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Vail Valley Voices: Beware of modern con jobs

Joe Hoy
Vail, CO, Colorado

Let me tell you a story. A married couple, senior citizens, receive a phone call the other day from their son who is in a foreign country. Their son tells them that he has been involved in a traffic accident and although not injured, is in some very serious legal trouble.

The couple, shocked and concerned about their son’s welfare, ask for further details on what they can do to help. The son explains that he does not have much time to talk, but in this country the law system is different and he could be kept in custody for some time before arrangements can be made to have his case move forward.

Then their son tells them “the injured party in the accident has agreed not to press charges if the couple sends money to help settle the matter.”



The couple, extremely upset, agree to the arrangement and they wire a large amount of money to the offshore account. They are assured that this will help settle the matter and he should be able to return to the United States the next day. The they feel that they can breathe a little easier now.

The next day, they get another call from their son with some not-so-good news. The passenger of the other car involved in the accident is now demanding a cash settlement or they will go to the authorities. The son again asks for money (now in the thousands) to be sent to help him get out of this mess and back home.

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He sounds exhausted, frightened and not himself. Again the family sends the money.

I think by now you are getting the picture. The couple start to question the validity of the situation and try calling their son on his cell. He answers from his home in the Midwest. He is fine and has not been out of the country for some time. The full gravity of the situation quickly sets in.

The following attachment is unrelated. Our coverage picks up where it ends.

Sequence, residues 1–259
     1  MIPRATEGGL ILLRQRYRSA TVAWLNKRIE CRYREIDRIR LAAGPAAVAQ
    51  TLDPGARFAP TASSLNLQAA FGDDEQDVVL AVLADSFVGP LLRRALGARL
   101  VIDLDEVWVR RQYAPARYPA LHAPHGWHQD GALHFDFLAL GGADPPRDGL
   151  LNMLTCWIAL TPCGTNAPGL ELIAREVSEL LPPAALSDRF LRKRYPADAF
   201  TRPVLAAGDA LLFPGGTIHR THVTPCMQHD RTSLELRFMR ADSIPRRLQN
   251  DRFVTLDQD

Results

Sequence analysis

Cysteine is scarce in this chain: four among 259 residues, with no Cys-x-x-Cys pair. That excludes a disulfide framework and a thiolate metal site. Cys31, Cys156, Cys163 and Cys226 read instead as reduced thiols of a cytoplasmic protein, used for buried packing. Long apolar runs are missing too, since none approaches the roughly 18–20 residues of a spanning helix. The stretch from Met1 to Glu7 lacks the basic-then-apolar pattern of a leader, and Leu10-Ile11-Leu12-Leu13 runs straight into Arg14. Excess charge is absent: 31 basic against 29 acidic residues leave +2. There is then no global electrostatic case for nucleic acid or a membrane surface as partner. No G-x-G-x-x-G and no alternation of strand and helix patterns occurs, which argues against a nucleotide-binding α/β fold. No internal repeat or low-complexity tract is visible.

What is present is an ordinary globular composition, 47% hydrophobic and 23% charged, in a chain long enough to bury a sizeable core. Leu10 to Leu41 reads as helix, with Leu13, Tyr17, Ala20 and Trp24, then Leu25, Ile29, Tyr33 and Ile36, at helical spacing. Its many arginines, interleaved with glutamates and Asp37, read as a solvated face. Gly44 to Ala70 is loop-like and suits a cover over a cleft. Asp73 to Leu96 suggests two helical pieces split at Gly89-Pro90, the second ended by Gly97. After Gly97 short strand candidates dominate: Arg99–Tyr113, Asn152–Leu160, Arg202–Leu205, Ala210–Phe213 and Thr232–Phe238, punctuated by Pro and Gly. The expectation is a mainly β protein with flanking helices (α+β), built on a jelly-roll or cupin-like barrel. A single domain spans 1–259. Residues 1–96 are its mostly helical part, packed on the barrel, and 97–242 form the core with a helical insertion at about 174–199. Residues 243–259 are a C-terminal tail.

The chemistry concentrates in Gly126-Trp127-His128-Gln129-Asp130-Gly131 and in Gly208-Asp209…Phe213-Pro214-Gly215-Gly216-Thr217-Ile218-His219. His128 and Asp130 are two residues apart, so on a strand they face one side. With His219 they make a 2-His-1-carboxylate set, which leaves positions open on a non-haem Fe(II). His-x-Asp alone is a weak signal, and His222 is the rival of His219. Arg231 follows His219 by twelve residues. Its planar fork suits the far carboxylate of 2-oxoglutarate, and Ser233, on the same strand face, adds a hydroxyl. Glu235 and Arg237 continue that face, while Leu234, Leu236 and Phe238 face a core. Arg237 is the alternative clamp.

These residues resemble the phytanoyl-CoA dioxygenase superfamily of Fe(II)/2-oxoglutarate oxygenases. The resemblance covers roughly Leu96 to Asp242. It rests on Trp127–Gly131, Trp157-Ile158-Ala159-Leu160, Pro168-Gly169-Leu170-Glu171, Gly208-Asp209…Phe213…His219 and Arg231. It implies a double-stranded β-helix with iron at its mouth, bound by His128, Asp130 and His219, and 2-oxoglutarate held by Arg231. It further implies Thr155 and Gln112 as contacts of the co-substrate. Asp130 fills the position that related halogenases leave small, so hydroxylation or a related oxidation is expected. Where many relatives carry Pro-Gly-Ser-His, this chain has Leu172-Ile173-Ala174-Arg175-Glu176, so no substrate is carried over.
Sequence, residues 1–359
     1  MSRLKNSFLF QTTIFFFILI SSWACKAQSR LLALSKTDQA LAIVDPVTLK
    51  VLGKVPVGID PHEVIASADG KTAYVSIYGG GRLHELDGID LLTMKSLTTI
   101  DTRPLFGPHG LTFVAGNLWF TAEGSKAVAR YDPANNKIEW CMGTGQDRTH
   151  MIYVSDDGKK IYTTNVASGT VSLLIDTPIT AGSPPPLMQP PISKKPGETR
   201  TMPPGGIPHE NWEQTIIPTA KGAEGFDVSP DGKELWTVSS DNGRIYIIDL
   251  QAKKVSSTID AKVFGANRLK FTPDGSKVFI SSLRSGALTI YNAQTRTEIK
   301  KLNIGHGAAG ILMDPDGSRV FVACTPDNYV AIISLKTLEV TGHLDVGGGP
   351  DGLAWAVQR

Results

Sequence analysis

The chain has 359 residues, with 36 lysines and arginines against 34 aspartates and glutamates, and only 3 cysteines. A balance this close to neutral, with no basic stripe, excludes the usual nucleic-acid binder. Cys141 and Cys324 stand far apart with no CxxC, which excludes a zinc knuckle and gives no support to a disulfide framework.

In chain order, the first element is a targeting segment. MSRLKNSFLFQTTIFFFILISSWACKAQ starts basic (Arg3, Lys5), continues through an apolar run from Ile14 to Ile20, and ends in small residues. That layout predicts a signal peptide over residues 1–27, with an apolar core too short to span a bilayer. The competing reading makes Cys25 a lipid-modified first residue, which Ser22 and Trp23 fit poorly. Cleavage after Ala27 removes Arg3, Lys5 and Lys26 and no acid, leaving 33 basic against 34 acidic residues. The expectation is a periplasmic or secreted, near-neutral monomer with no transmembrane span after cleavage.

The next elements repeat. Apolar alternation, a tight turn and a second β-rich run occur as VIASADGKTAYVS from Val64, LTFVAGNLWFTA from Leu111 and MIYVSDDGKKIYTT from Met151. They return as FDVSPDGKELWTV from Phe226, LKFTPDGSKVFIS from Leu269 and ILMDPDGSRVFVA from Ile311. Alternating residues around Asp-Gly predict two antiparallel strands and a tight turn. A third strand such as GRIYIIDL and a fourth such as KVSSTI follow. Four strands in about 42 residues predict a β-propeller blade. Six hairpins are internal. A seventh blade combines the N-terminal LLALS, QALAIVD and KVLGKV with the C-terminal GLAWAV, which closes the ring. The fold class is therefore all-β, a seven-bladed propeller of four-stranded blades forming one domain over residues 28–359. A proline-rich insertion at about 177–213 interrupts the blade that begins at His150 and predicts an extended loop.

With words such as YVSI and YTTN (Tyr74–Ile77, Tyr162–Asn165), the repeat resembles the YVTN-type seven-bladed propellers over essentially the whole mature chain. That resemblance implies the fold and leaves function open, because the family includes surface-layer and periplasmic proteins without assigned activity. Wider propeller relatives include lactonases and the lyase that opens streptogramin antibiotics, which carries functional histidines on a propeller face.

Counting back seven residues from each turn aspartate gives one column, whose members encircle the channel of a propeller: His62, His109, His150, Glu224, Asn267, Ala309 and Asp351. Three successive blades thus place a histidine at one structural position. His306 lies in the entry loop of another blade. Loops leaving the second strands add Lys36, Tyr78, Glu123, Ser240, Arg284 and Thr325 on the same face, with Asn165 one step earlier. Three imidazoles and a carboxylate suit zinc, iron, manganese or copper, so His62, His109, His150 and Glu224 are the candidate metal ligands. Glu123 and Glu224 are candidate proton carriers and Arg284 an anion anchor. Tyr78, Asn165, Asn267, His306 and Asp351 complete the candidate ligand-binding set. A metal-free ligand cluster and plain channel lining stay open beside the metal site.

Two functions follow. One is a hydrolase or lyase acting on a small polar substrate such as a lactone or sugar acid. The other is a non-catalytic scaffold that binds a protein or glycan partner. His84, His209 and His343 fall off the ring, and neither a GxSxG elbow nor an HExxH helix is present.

The couple, like many others, became a victim of a very elaborate and sophisticated scam that mainly targets retired senior citizens throughout the country.



Oh, by the way, this happened in our county just last week.

Now, before anyone sits back and thinks how naive and foolish this couple was and that you are too smart to have the wool pulled over your eyes like this … think again.

This is not your old-fashion flim-flam type of deception. These are smart, sophisticated, cagey and manipulating criminals. In today’s world with all of its modern conveniences like Google and Facebook, it is very easy for professional con artists to access personal information and prey on innocent individuals.

Middle-age parents and grandparents are most likely to be targets for these “family member in trouble” schemes.

As the mother explained to me, the voice on the line sounded just like her son. They feel embarrassed, duped and stupid for falling for such a con.

I told them that they are not the first and they will definitely not be the last to fall for this sort of thing. Most of the people who are targeted are fairly well off, have a nest egg they can easily tap into, and have excellent credit — all of which make them attractive targets for the con artists.

So now what can they do? Not much. They reported it to their local authorities, but frankly there is not much law enforcement can do, either. Since the funds were transferred outside the country, there is little to no way to track the money trail.

Many people who fall victim to this type of con do not report it because they may not know who to report it to, are too ashamed for being scammed or they don’t know they have even been scammed until sometime later, days or even weeks after the scam happens.

They may also fail to report the incident because they may be concerned that relatives may think the victims no longer have the mental capacity to take care of themselves and their financial affairs.

I can only imagine how my wife and I would react if we got a call concerning one of our children or grandchildren. We would want to act as quickly as possible to help them out.

So please remember, if you or someone in your family experiences a similar situation, don’t panic and do exactly what the caller wants. Instead stop and ask for specific details, get a call back number, check with other family members to verify the person calling is who they claim to be and that they are where they say they are.

Never give out personal information until you have verified who you are speaking to. If you do fall victim to a scam or have reason to believe that someone has attempted to scam you, contact your local authorities as soon as possible. The sooner you report the information, the better the chances are of finding the perpetrator and protecting others from falling victim as well.

Joe Hoy is the Eagle County sheriff.


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